The other day, I launched a greeting card line. I drew some digital illustrations, uploaded them to a website, and ordered a fistful of each design in 5X7″ card format with matching envelopes. A few days later, the cards arrived. I carted them down to a local card store, met with the manager (we’re friends, I should divulge), and she took the whole lot to see what she could do with them.
I don’t know if it could be any easier.
Starting your own side business is easier these days than ever before. Technology has become abundant and relatively inexpensive (you can buy a web server for $500). Software is cheap or free (you’d have to work really hard to stump me on a free equivalent of most mainstream software you’re using). Distribution methods are more and more abundant. Even the difficulties in processing payment have been mostly solved by companies like PayPal.
Time is probably the most expensive investment of all. You’ve still got the day job, the family, and whatever else you’ve chosen to fill the hours between waking and sleeping. To that, I say, make sure whatever it is you’re thinking of doing is something you’re passionate about, and something you can pick up and put down when you need to shift priorities.
I tend to like the idea of small side businesses instead of quitting the day job and putting it to The Man. I think it’s a safer option, and I think it relieves some of the pressures you’d face if you went full time right out of the gate. Read E-Myth Mastery by Michael Gerber (skip the bits about Sarah). It will give you a sense of what you’re NOT considering when you think of running a business for yourself full time. It’s very helpful in reminding you of all the other stuff you’ve got to do to maintain a business.
Start slow, but consider scale. Whatever business you’re considering, see if it’s something where you can start it at one point and scale it up as you go along. With my card business, I did it super small, so small I could buy single cards if I want. But obviously, there’s not a lot of profit in that method, as the production cost goes up. When I’m ready to do more (if I want to bother), I’ll source through a printer that offers me a much reduced cost if I print in bulk. If I want to go even bigger than that, I’ll just find an agent or card company and sell the designs to them. That way, THEY can do all the parts of the business that I’m not interested in doing.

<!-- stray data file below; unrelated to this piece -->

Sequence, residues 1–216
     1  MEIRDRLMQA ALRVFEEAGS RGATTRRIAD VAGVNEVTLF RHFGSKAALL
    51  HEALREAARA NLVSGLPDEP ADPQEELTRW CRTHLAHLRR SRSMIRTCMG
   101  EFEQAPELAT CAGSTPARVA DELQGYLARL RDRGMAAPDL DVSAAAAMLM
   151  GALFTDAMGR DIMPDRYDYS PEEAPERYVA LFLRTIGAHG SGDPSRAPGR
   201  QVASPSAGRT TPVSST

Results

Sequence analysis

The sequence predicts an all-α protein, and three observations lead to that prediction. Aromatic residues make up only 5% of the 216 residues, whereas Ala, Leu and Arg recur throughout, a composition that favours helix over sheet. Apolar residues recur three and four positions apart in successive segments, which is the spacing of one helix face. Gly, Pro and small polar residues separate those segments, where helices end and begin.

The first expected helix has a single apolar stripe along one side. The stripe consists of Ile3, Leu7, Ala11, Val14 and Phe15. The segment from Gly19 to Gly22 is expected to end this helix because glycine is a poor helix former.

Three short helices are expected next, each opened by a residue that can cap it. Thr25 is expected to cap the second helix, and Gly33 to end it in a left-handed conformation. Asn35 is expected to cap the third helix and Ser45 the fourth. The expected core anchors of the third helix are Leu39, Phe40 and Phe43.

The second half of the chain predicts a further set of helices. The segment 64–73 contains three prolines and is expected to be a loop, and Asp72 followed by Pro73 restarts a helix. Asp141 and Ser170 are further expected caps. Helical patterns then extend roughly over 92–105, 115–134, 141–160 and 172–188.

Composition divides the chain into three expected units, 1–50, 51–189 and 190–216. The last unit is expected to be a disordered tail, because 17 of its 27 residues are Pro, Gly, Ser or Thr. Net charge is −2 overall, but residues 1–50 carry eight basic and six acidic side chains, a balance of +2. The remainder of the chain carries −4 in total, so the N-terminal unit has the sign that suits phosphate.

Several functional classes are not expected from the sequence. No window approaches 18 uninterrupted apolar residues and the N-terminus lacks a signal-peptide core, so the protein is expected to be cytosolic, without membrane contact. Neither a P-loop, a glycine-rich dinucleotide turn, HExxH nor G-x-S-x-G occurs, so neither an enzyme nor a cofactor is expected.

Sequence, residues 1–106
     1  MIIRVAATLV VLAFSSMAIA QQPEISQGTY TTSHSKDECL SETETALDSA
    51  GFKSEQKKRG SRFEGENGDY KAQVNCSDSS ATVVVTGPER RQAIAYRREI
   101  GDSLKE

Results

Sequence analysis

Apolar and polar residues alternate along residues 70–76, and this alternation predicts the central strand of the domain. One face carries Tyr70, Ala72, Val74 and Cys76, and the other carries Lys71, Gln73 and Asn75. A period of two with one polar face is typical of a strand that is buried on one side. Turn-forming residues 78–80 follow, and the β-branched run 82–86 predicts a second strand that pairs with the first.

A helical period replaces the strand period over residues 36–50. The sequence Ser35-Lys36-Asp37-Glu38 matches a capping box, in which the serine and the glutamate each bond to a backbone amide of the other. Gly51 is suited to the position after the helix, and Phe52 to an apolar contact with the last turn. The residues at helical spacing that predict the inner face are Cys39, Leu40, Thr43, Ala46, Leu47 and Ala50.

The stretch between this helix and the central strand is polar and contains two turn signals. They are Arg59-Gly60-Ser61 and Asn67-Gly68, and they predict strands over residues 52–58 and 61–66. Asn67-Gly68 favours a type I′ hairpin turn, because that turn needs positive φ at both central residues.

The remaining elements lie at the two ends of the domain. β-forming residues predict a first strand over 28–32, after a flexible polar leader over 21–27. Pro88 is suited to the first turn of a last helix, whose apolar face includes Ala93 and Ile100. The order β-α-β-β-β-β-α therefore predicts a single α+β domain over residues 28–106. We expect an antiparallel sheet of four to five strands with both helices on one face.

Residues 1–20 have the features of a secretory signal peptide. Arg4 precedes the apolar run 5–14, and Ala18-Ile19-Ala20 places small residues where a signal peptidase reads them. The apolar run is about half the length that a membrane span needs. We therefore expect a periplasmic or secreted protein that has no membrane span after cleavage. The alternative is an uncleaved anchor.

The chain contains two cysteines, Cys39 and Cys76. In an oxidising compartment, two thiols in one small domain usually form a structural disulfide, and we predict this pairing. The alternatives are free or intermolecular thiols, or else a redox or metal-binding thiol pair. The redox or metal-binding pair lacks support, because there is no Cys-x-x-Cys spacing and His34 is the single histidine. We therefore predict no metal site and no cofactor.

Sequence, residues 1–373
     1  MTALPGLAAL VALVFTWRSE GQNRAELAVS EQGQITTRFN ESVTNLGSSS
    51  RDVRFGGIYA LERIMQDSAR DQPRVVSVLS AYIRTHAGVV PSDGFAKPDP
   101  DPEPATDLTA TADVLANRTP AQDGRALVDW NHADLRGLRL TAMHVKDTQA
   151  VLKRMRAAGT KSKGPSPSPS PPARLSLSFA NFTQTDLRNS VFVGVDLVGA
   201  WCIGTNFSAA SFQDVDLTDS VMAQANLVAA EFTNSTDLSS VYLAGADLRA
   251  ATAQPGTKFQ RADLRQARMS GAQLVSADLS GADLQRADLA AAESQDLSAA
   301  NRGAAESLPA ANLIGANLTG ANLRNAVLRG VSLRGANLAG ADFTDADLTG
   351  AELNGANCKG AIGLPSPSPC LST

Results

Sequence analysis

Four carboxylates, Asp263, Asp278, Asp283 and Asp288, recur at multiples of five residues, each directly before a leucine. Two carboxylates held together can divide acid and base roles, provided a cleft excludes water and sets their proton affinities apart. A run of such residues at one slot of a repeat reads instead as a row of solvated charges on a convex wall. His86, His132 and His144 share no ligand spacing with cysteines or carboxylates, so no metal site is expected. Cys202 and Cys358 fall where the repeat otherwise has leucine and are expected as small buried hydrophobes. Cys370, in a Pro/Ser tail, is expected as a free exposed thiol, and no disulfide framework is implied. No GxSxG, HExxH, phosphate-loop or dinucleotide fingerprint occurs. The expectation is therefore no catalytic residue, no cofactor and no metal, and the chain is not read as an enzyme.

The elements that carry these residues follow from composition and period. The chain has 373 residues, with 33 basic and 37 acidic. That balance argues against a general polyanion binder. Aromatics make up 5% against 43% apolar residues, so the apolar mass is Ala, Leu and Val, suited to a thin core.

Bootstrap. See if you can do your idea for the least money possible. Are there inexpensive of free means to get what you need to launch on a small scale? Do you REALLY need business cards? Are you paying to host a website when you can get one for free? It cost me $22.90 to see if my cards will be of interest to anyone. That’s cheaper than dining out once.
Measure your time closely. One early idea I had for making money seemed foolproof. I could use about six cents worth of materials and make a $5 product. I knew there was a market. I could sell them easy-cheesy. And then I realized how much TIME it would take me to make these things. It turned my labor cost into something like $3.00 an hour. Unless I could find slaves to do it for me, it was clearly not a good business.
The best businesses are those where you don’t have to be there to make money. Residual incomes come from things like selling products, renting space, collecting licensing fees, and things where it’s not 1:1 with your time. Think about that.
Have you started your own small business? What did you do? What did you come up against that you didn’t expect?